Our class is currently doing a read aloud novel together. After hearing the chapter(s) each day we do a reading response. I have taught several different methods for the response. The main responding method practiced is to first retell what we heard to a partner, then after practicing verbally, write about it using the "first, then, finally" frame. The frame is basically three sentences where students attempt to pick out the most important parts of the story in the order of what they heard and then write about it in their own words. Additions to this have been a 3 panel comic with captions, again using the "first, then finally" frame concept and things like diary writing as a character in the story. Even though the kids are really enjoying the story the reading response is not all that well liked for several and can be difficult for some to complete. Now that they all know how to do the different kinds of responding I let them choose in what way they'd like to complete their response and suddenly engagement went up, complaining went down and their work improved. Me thinks there is something to this choice stuff!

Wednesday, 23 November 2011

Math 8: Sticky Note Success

This post is courtesy of Middle School teacher Pam Rutten.

Monday, 21 November 2011

Tableaus-Social Studies 9

So I decided to try tableaus in class yesterday. It was a refreshing break from some fairly dry content material (life in New France). The students were really into it and were able to explain their tableaus well and include key issues and events.

I started off class today with questions about the material yesterday and most the class was able to answer them adequately. (Marcus Krieger)

Sunday, 20 November 2011

This post courtesy of Middle School teacher Lindsay Anderson.

For Remembrance Day, students were given an option for how to represent a veteran's story of their choosing:  poem, interview, illustration, letter, etc. One of my students did an amazing job on this assignment! He is really into Call-of-Duty video games (war based), and so first of all liked the idea of researching a real war veteran. He wanted to not only create a picture, but also write a poem! (He was only required to complete one option but decided to do an extra one as well). I wanted to blog about this particular assignment because in this assignment I saw how by allowing this student to make connections to something I didn't really "approve" of, he came up with something really meaningful. When this student was working on this assignment, he was chatting with his friends and making connections to his video game. A part of me wanted to shut the discussion down, but a part of me enjoyed seeing him get so excited about something that he is good at, and apply it to the assignment.  On a similar note, a few weeks ago students were given the option of creating Facebook pages on the protagonist in one of our stories,again, I was thinking, Is Facebook really appropriate? but the results that I got were excellent. Students loved using Facebook. They totally hit the learning outcome (showing conflict), and had fun.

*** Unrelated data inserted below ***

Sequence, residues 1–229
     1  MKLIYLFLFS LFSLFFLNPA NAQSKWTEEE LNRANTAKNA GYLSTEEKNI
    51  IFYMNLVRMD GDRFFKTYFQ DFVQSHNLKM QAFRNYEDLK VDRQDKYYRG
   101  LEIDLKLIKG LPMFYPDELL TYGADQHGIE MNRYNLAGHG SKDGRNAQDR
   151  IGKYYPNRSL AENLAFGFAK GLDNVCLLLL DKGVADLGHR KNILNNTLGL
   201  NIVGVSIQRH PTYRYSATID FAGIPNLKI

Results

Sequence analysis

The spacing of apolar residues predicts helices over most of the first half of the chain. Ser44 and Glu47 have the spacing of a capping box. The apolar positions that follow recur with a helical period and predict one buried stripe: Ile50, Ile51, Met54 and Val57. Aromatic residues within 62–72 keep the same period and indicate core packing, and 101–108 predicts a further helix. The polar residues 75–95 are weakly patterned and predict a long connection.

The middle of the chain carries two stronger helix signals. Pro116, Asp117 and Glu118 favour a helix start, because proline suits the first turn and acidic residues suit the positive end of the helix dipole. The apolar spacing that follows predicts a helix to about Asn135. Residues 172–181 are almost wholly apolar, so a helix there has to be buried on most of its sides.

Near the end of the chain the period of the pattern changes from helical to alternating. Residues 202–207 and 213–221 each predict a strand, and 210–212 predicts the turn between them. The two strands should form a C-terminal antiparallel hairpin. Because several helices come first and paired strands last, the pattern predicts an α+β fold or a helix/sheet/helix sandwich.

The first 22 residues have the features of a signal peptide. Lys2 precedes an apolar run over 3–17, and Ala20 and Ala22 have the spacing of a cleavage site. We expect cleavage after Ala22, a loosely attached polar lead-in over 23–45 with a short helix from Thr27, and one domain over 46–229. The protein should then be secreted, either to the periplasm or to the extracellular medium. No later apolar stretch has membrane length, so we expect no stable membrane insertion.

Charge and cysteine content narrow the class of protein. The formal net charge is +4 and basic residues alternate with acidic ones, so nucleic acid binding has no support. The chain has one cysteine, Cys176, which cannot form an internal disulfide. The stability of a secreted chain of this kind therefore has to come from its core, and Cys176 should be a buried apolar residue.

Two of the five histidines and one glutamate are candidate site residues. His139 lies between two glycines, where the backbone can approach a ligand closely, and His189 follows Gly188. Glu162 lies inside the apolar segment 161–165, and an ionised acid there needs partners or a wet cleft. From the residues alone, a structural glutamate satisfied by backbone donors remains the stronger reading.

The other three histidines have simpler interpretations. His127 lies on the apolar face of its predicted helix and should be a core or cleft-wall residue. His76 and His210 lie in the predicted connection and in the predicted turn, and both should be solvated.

Thursday, 17 November 2011

Math 9: Rational Numbers

In Melissa Berrisford’s math 9 class, as an alternative to individual work, the students were put into groups of four for a game. Each student was given a piece of paper and asked to divide it into 8 sections (they could choose to fold the paper however they wanted). Then a problem was put on the overhead and every student wrote the problem down on their paper individually but they were all expected to collaborate in how they solved it. The whole group then had to agree on a final answer at which point one appointed student would raise their answer in the air and ask the teacher to check it. If the answer was correct the group would be allowed to advance to the next problem (the students worked through a total of 8 problems).

The whole thing is a competition (to see which group can successfully complete the 8 problems) and it engages students who like to compete but it also takes the risk away from less confident students as they are allowed to work through their answers with other students, and they don’t have to hold up their answers by themselves. This same game format could be used for various topics.